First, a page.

Abnormal radiographic findings in 865 French Standardbred trotters and their relationship to racing performance

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Reason for performing study:

Developmental orthopaedic lesions are commonly found in French Standardbred horses. One of the main questions asked by trainers, owners and veterinarians is what impact these lesions have on the racing career and racing performances of horses.


To study the prevalence and distribution of developmental orthopaedic lesions in young French Standardbred trotters and to relate them to racing performance.


Feet, fetlock, tarsus and stifle regions were radiographed in 865 two-year-old French Standardbred trotters. Abnormal radiographic findings (ARF) were evaluated for 12 anatomical sites identified in these areas, and a severity index given. Performance criteria were: success in qualification for racing, maximal and mean index of trot (ITR), an annual index calculated on the basis of the logarithm of earnings per starts, total earnings at 5 years, placed races compared to starts and longevity of the racing career. Analysis of variance were calculated to study the relationships between racing performance and the number of ARF or the severity index.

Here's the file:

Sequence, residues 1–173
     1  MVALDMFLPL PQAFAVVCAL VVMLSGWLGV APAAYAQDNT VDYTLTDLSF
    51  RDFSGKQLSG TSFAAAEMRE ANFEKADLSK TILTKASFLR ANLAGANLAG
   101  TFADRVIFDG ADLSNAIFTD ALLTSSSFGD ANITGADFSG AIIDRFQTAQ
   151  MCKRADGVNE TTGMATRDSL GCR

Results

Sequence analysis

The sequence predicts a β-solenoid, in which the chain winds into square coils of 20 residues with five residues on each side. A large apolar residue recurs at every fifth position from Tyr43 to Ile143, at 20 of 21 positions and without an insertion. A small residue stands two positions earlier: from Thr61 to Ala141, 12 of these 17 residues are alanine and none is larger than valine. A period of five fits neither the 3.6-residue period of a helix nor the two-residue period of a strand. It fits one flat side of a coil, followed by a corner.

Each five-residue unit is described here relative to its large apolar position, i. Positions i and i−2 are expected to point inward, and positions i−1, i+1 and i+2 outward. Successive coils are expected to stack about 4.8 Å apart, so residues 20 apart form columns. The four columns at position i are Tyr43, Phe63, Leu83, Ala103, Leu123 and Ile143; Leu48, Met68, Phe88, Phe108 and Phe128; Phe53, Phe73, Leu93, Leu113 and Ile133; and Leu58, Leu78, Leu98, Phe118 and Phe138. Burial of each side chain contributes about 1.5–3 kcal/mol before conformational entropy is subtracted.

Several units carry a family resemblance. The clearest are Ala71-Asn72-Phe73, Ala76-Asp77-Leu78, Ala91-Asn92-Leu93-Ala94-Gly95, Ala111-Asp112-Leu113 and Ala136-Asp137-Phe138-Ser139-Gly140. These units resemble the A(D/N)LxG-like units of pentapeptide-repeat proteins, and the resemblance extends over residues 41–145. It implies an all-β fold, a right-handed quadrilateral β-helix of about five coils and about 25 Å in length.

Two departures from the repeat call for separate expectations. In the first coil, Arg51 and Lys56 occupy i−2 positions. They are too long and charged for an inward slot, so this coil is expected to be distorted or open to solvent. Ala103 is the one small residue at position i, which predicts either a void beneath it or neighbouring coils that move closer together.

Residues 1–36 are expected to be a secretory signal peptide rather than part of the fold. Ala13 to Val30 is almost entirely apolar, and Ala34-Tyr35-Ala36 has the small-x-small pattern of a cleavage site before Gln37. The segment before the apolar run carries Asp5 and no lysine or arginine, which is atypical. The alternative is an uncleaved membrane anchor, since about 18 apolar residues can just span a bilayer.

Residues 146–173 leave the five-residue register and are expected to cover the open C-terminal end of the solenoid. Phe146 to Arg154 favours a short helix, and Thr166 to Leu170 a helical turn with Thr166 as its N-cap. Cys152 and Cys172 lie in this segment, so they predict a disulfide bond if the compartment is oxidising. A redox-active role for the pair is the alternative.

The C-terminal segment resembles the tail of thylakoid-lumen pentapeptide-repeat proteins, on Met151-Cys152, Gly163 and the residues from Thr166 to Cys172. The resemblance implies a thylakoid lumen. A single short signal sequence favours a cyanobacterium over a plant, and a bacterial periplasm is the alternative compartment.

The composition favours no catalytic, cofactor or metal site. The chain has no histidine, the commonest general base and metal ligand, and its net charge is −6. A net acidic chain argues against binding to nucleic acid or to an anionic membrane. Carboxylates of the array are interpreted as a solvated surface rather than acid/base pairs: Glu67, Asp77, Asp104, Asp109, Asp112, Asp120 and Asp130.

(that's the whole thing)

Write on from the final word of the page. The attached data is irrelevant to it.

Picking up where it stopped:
A total of 363 horses (42.0%) showed ARF. Prevalence of ARF was 18.3% in the plantar aspect of the hind fetlock and 10.6% in the proximal tarsus. Among the total population, 833 horses were considered for performance evaluation, 478 of them were qualified for racing. The number of ARF significantly affected racing longevity. However, the number of ARF did not affect performance categories according to maximal ITR. Concerning distribution of ARF, the number of plantar lesions in the fetlock significantly affected mean ITR. The index of severity did not provide more information for prognosis than the number of ARF.


Longevity is the only criteria affected by ARF. When evaluating different sites, only the plantar fetlock region showed a significant relationship with mean ITR.

Potential relevance:

Number of ARF and radiographic score (RS) affect mean ITR and longevity but do not affect maximal ITR. A horse with a good racing ability will be a good performer but might have a racing career shortened because of orthopaedic problems in relation to developmental orthopaedic lesions.

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